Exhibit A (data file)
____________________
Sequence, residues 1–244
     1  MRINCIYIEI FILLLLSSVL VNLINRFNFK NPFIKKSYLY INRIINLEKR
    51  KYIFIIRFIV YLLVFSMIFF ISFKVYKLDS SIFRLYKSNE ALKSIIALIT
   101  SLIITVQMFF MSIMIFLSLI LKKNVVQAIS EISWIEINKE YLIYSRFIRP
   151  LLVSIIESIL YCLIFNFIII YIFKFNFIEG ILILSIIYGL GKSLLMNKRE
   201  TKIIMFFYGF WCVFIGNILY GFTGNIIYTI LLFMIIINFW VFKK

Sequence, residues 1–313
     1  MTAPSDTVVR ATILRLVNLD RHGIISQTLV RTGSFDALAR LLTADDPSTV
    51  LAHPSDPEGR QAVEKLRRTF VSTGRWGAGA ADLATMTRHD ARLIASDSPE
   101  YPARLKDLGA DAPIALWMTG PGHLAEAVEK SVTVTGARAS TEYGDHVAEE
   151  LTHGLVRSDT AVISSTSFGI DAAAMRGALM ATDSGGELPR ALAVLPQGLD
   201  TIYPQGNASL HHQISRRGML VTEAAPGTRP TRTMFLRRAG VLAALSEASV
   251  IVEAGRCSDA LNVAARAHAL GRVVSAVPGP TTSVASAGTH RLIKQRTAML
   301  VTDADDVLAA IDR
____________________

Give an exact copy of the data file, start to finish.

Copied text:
Sequence, residues 1–244
     1  MRINCIYIEI FILLLLSSVL VNLINRFNFK NPFIKKSYLY INRIINLEKR
    51  KYIFIIRFIV YLLVFSMIFF ISFKVYKLDS SIFRLYKSNE ALKSIIALIT
   101  SLIITVQMFF MSIMIFLSLI LKKNVVQAIS EISWIEINKE YLIYSRFIRP
   151  LLVSIIESIL YCLIFNFIII YIFKFNFIEG ILILSIIYGL GKSLLMNKRE
   201  TKIIMFFYGF WCVFIGNILY GFTGNIIYTI LLFMIIINFW VFKK

Sequence, residues 1–313
     1  MTAPSDTVVR ATILRLVNLD RHGIISQTLV RTGSFDALAR LLTADDPSTV
    51  LAHPSDPEGR QAVEKLRRTF VSTGRWGAGA ADLATMTRHD ARLIASDSPE
   101  YPARLKDLGA DAPIALWMTG PGHLAEAVEK SVTVTGARAS TEYGDHVAEE
   151  LTHGLVRSDT AVISSTSFGI DAAAMRGALM ATDSGGELPR ALAVLPQGLD
   201  TIYPQGNASL HHQISRRGML VTEAAPGTRP TRTMFLRRAG VLAALSEASV
   251  IVEAGRCSDA LNVAARAHAL GRVVSAVPGP TTSVASAGTH RLIKQRTAML
   301  VTDADDVLAA IDR